Not that it wasn't a close-run thing. He remembers fighting in the Leinster juniors one year, bearing the brunt of a harsh decision and informing Ollie that that was it, he'd had enough and was throwing in his lot with the hurlers. He'd won the first of his two All-Irelands with St Kieran's at that stage, alongside Cha Fitzpatrick at midfield, in a team nurturing the talents of Richie Power, Richie Hogan and John Tennyson.

Ollie cut him a deal. The National Junior championships were two weeks away. They would train for them and, if things didn't work out, well boxing had had its chance anyway. As it happened, O'Neill won the title and was soon travelling abroad for four-nations and multi-nations tournaments, winning medals, sharpening his skills, never doubting he had taken the right turn when he'd approached the fork in the road.

"People ask if I regret giving up hurling," he says, "but for me boxing was always the dream. I was winning All-Irelands at 11. I remember being in Athy when I was 12 or 13. There was an Italian team there and a guy who'd won silver at the Europeans. I was looking at him thinking how amazing he was. Like, will I ever get to that level? Not realising that in a few years' time I'd have a European silver medal too."

Back then the hard part was believing. He remembers being one of the floor panel Billy had to train when he was undergoing his first interview as high-performance coach. It all felt so new and fresh then. He took his first steps as a senior in the 81kg weight division and that brought him into the orbit of Kenny Egan. Egan, virtually unbeatable then, swept him aside in 2005 and 2006. The learning curve was a steep one.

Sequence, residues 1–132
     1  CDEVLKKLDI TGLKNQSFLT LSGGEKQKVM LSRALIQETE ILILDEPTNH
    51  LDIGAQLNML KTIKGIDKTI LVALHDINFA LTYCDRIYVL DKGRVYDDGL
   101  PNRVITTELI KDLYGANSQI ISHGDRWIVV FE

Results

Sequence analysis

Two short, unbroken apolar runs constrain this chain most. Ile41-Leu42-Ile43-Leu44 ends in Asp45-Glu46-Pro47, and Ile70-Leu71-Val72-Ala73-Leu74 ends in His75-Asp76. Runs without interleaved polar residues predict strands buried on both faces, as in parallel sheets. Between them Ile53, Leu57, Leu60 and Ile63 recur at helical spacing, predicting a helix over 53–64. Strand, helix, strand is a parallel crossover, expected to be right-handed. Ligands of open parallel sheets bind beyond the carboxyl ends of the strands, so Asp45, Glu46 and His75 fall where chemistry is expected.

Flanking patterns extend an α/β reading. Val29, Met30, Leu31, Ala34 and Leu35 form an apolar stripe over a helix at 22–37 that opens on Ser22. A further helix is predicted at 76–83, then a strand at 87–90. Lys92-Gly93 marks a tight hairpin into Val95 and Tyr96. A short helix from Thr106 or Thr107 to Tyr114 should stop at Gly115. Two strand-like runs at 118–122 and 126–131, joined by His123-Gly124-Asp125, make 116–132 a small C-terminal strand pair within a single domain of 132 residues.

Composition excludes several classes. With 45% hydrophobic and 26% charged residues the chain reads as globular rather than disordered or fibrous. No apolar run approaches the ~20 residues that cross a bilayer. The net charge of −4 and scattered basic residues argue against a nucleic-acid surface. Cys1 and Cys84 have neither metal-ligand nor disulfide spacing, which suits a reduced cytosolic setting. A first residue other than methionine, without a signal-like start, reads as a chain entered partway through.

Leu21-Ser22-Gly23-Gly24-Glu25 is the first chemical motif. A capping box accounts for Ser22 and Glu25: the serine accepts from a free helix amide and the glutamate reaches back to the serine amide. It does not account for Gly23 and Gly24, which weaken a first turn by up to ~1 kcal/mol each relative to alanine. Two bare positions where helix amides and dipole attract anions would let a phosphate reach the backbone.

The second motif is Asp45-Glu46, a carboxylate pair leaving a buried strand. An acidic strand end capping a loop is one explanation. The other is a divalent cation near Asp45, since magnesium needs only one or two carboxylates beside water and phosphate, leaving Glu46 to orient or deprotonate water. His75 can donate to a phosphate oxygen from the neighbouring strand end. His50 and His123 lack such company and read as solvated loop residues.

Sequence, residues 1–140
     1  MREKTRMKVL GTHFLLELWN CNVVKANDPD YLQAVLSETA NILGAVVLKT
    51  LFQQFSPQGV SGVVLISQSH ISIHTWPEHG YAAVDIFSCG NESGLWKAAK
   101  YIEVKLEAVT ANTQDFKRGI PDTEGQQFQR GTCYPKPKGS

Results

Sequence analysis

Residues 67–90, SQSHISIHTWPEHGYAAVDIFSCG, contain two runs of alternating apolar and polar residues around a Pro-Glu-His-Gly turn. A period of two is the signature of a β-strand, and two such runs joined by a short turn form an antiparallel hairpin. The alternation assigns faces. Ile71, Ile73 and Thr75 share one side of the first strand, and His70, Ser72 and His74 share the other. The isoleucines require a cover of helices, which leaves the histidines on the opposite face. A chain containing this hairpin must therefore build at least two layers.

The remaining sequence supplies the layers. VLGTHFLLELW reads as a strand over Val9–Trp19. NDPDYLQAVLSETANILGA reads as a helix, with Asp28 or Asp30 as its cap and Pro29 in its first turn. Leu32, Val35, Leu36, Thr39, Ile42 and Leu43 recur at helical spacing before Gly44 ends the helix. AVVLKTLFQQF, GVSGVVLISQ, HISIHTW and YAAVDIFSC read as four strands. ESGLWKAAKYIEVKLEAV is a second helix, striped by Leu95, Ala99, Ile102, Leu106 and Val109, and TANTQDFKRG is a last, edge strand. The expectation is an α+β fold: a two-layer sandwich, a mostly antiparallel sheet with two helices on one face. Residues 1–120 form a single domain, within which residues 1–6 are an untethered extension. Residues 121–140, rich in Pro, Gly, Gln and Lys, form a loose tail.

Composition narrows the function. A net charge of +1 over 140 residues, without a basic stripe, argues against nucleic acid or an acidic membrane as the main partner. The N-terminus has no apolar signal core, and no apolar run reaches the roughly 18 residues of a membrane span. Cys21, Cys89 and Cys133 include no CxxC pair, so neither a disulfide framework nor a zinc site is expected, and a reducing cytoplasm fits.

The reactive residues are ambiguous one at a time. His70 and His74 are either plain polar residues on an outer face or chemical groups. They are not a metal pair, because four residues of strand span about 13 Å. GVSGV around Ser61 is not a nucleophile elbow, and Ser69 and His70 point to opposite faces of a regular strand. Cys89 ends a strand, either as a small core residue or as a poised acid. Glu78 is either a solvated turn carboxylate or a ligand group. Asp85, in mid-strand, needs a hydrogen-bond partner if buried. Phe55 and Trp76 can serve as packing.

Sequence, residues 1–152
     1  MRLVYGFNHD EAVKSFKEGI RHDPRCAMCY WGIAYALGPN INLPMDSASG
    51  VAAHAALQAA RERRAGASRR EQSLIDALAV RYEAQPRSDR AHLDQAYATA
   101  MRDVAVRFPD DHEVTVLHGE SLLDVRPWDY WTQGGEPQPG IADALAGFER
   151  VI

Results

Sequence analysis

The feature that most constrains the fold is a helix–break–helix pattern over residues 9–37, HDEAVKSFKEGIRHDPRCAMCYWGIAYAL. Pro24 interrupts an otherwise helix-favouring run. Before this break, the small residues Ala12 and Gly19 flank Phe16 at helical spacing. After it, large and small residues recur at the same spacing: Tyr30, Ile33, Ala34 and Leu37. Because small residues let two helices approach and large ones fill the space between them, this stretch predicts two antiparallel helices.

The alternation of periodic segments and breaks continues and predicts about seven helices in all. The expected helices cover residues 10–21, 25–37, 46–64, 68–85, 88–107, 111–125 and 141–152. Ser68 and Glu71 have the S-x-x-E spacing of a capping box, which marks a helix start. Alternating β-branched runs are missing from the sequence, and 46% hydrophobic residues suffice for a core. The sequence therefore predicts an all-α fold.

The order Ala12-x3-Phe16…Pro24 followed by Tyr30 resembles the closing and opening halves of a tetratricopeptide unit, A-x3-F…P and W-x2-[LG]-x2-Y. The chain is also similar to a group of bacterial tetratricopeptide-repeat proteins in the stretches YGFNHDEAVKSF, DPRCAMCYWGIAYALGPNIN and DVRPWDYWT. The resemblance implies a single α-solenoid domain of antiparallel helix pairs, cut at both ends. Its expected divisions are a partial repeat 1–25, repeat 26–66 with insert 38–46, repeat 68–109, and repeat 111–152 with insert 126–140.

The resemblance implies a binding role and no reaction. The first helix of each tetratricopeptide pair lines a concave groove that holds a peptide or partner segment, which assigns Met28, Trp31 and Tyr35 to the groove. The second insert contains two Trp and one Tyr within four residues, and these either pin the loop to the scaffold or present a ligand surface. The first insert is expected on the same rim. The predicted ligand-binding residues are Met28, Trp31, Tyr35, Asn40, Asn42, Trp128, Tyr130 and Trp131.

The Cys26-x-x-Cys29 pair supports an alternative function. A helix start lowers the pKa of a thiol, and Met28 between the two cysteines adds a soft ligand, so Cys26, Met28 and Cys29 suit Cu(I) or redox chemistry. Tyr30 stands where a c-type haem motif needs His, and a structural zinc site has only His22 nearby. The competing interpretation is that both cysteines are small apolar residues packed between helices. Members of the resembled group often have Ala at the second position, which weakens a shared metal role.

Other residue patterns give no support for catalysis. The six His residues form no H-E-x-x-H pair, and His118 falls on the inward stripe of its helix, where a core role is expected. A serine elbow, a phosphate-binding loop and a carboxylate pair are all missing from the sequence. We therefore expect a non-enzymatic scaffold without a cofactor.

He subsequently switched to 75kg and developed a healthy but spiky rivalry with Darren Sutherland. In 2008, they met in the national finals, a bout hyped up in the press as a grudge match, but it isn't how he remembers it. Sutherland lived near him on the Northside and would collect him for training. His energy and sparkle were infectious. As soon as he switched weights, however, O'Neill noticed the lifts becoming less frequent. Sutherland's competitive instincts had kicked in. He appreciated why that had to be.

And though he was gutted to lose the fight and to see his Olympic dream crushed a year later, it didn't seem to matter anymore. He had just returned from the World Championships, enjoying a drink with friends, when the call came from Jimmy Halpin, a coach at St Saviour's, informing him of Sutherland's death. The news left him pale and breathless for several minutes. He'll never forget the date: September 13, 2009. His 24th birthday.

Sutherland isn't forgotten. His cherished words will always hang on the wall of the gym and whenever they travel, they know his spirit goes with them. In Moscow, O'Neill sensed it stronger than ever. The night before he fought Dervyanchenko, he had gone through the fight, step by step, with Gerry Hussey, the team psychologist. He felt focused and sharp. But he sensed something deeper too. He explained it to Billy and Jimmy Halpin. Every step he took, every punch he threw, he sensed Sutherland's hand on his shoulder.

"I know Darren was up there somewhere looking down on me. We'd spent so much time together over the years. I'd cursed him so many times. Like, why aren't I going where you're going? He probably did the same when he was injured. I said to Jim and Gerry. I was going in against a tough Ukranian. I'd been the bridesmaid of Irish boxing so many times. The nearly man. I just said everyone at home and Darren up above would be looking out for me. I really felt that. I still believe it."